Colors on Clay
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For many years a small group of artisans, led by San Antonio entrepreneur Ethel Wilson Harris, created thousands of colorful bowls, plates, tiles, and other pottery products reflecting a national interest in the arts and crafts of Mexico. American antique and art collectors, including the Rockefellers, turned their attention to Mexico as it emerged from the horrors of a political revolution begun in late 1909. In the 1920s, the Mexican mural movement led the battered republic into an artistic and cultural renaissance unequaled in the history of the Americas. Prominent museums, including the Museum of Modern Art, mounted exhibitions of Mexican arts and crafts in the 1930s and 1940s. Buildings and furnishings with Aztec-Mayan motifs dotted the United States. Latin dances became a national craze, and Mexican themes on American dinnerware, tablecloths, and figurines were widespread. The tiles, panels, and tables with a so-called Mexican theme most highly prized by contemporary collectors are those produced by workshops begun in the 1930s by Ethel Wilson Harris.

In 1939 Harris became technical supervisor of the Arts and Crafts Division of the Work Projects Administration in San Antonio. The operation produced several large works of public art that survive today. Harris moved to Mission San José in 1941 when she became the first manager of the park, a position she held for more than twenty years. The tile-filled home she built on the mission grounds in 1955 is in the National Register of Historic Places. The National Park Service, with additional funding from other sources, restored the house and integrated it into the San Antonio Missions National Historical Park.

Harris copyrighted the maguey cactus—a genus of agave cactus—as her signature crafts mark, along with many of her workshop’s designs, in 1937. Prominent San Antonio artist and educator Amy Freeman Lee called Harris in 1940 “San Antonio’s most expert technician in the ceramic craft of making tiles. . . . she has done more to encourage interest and to aid the development of this art than any other individual.” In 1943 the Texas legislature recognized Harris for her role in “the revival and perpetuation of Mexican arts and crafts.” Harris was cofounder of the forerunner of Night in Old San Antonio (NIOSA), held at La Villita on the River Walk during Fiesta week each April. NIOSA is the major fund-raiser for historic preservation projects for the San Antonio Conservation Society, of which Harris was president in the early 1950s.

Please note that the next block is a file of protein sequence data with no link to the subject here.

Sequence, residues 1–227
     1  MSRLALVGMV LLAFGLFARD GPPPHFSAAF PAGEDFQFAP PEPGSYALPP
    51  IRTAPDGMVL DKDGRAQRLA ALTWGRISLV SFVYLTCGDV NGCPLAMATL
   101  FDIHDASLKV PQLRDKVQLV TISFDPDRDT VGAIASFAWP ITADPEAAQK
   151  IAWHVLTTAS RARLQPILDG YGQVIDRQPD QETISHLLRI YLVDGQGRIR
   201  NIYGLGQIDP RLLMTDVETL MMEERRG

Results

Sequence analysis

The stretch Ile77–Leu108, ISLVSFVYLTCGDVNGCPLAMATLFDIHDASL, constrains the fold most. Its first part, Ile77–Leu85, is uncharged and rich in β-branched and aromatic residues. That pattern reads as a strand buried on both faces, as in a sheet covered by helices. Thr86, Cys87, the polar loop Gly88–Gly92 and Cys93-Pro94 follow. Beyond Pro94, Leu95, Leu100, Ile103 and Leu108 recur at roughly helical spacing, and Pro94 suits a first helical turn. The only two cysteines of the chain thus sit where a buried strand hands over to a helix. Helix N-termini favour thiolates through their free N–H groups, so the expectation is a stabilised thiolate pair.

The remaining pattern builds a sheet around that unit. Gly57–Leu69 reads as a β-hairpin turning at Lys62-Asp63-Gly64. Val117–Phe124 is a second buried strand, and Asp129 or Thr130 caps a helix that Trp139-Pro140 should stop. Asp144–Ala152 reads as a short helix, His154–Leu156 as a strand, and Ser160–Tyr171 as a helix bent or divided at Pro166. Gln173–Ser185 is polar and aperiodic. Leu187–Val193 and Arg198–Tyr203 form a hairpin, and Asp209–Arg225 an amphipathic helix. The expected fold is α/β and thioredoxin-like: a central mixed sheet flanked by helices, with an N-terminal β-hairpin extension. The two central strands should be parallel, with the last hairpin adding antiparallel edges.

Harris’s pottery operations participated in the Chicago World’s Fair in 1933 and 1934; the 1936 Texas Centennial Fair in Dallas, where eight tile panels decorate the Hall of State; the 1939 New York World’s Fair; and Hemis Fair ’68 in San Antonio, where one of her tile installations survives. Amid the complicated relationships of San José workshops and WPA projects, the one common thread was Harris, who managed to juggle these different businesses while attaining her lifelong goal of promoting Mexican arts and crafts and developing a generation of artisans. Harris died in 1984 at the age of ninety-one.
Copyright © 2009 by Trinity University Press